What I have just been presenting is a hypothesis. If it is correct, what we should expect to find in a nation with a large international trade in city goods is not a nation of many city regions—as one might offhand expect—but rather a nation with one overwhelmingly important city and city region, along with other cities that are feeble at generating regions of their own. And we should expect that with the passage of time the one "elephant" city would become increasingly dominant economically, and the others increasingly passive and provincial.
She continues to describe London, Milan, Paris, Copenhagen, Stockholm, the "Ring City" of the Netherlands which includes Amsterdam and Rotterdam, the curious situation of Japan's urban regions (a "bowtie" around Nagoya with Tokyo and its region as only a part of this whole). The American situation is discussed separately within the context of empires.
I am going to argue that the very policies and transactions that are necessary to win, hold and exploit an empire are destructive to an imperial power's own cities and cannot help but lead to their stagnation and decay. Imperial decline is built right into imperial success; the two are part and parcel of each other. Furthermore, the same types of policies and transactions that make the declines of empires inevitable can also speed stagnation and decay in nonimperial powers that adopt them.
I say "speed" stagnation and decay, rather than "cause" stagnation and decay because, as we have seen, cities in nations that preside over numerous cities are handicapped by feedback flaws in any case; those come with the territory. They make it chancy or impossible for cities that begin to decline to reverse themselves [...], and they also hamper or prevent the formation and flourishing of new cities. All this is especially disadvantageous to large countries in need of many city regions. The special policies I am going to explore and the transactions that sustain them are additional to feedback flaws and at least in large part are the responses of governments to failures of cities and the obdurate poverty of regions in which cities persistently fail to develop.
These policies and transactions, no matter what the motives for them, are all killers of city economies. They fall into three main groups: prolonged and unremitting military production; prolonged and unremitting subsidies to poor regions; heavy promotion of trade between advanced and backward economies. Different as these seem superficially, these policies and the transactions that sustain them are similar in the harm they work.
Consider in this light that there are three master characteristics of all developing and expanding economies, three kinds of major changes taking place as they rise and flourish.
First, taken as a whole, economic life becomes more urbanized and less rural. City work and intercity trade show the greatest gains both absolutely and proportionately. Rural production and trade increase as well, but as by-products of the city activity.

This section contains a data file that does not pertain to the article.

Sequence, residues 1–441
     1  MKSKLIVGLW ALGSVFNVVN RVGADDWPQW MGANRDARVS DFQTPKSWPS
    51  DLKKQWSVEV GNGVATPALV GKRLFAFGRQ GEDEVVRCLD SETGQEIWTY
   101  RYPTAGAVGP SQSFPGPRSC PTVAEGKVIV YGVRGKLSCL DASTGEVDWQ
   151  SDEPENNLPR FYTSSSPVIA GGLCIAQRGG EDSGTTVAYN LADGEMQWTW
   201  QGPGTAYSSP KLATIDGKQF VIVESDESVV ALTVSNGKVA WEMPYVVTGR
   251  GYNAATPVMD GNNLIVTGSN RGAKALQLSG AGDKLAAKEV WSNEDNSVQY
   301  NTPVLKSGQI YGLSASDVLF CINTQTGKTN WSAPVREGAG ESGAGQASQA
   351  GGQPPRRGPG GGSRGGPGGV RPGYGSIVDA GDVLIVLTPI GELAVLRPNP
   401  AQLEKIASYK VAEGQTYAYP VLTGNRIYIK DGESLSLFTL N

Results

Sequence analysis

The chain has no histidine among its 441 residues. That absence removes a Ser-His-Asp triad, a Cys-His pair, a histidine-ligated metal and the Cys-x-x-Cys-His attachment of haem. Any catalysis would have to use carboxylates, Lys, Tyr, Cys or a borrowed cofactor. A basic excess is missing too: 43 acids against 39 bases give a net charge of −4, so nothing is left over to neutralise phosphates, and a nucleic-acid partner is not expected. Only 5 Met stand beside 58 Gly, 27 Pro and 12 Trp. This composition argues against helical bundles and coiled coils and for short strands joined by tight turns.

Second, as city trade expands, it sparks additional cities into life, mainly in what had been subsistence and supply regions, and draws them into volatile city trading networks.
Third, increased quantities and proportions of all goods and services being produced are imported into cities and become available there to the process of import-replacing. This is a consequence of the two preceding changes and it is also a condition for their continuation.
Those changes are nothing less than economic development and expansion: the very dynamic of development itself, in action.
When economic life is in process of declining and contracting, exactly the opposite changes are occurring.
First, taken as a whole, economic life becomes less urbanized, more rural. City work and intercity trade decline proportionately as a share of total economic activity, while rural production and trade increase their proportionate share.
Second, existing cities stagnate and decline, while insufficient new cities arise to compensate for the losses.
Third, decreased quantities and proportions of all goods and services being produced are imported into cities and thus fall outside the import-replacing process. As cities stagnate and stop replacing imports significantly, even the imports they still receive do not serve import-replacing. This is a consequence of the two preceding great changes.
The trouble, then, with transfer payments and other subsidies as means of keeping economic life chugging away is that, feeding voraciously upon city earnings as they do, they reduce intercity trade in favor of trade between cities and inert economies; divert earned city imports to economies that cannot replace imports; and reduce cities' abilities to serve as good customers for one another's innovations. Subsidies milked from cities are for these reasons profoundly antidevelopment transactions.
A group of political scientists associated with Princeton University's Center for Research on World Political Institutions has studied many instances of dissolution or disintegration of sovereign political units—nations, empires, confederations—occurring in recent times or in the past. The object was to discover what common forces, if any, bring about political disintegration. The researchers concluded that the "load" carried by the failed political unit had increased while, at the same time, its "capability" had decreased. But what are "load" and "capability" in the concrete?
"Excessive military commitments" were identified as a usual factor of fatally increased load.
Many of the root processes at work in natural ecologies and our economies are amazingly similar, and we can learn much about success and failure in our own arrangements by noticing, for example, that the more niches that are filled in a given natural ecology, other things being equal, the more efficiently it uses the energy it has at its disposal, and the richer it is in life and means of supporting life. Just so with our own economies: the more fully their various niches are filled, the richer they are in means for supporting life. That is another way of saying that economies producing diversely and amply for their own people and producers, as well as for others, are better off than specialized economies like those of supply, clearance and transplant regions. In a natural ecology, the more diversity there is, the more flexibility, too, because of what ecologists call its greater numbers of "homeostatic feedback loops," meaning that it includes greater numbers of feedback controls for automatic self-correction. It is the same with our economies. I have labored the point that too few homeostatic feedback loops is precisely the failing that renders so disastrously unstable economically and their cities so poor at economic self-correction.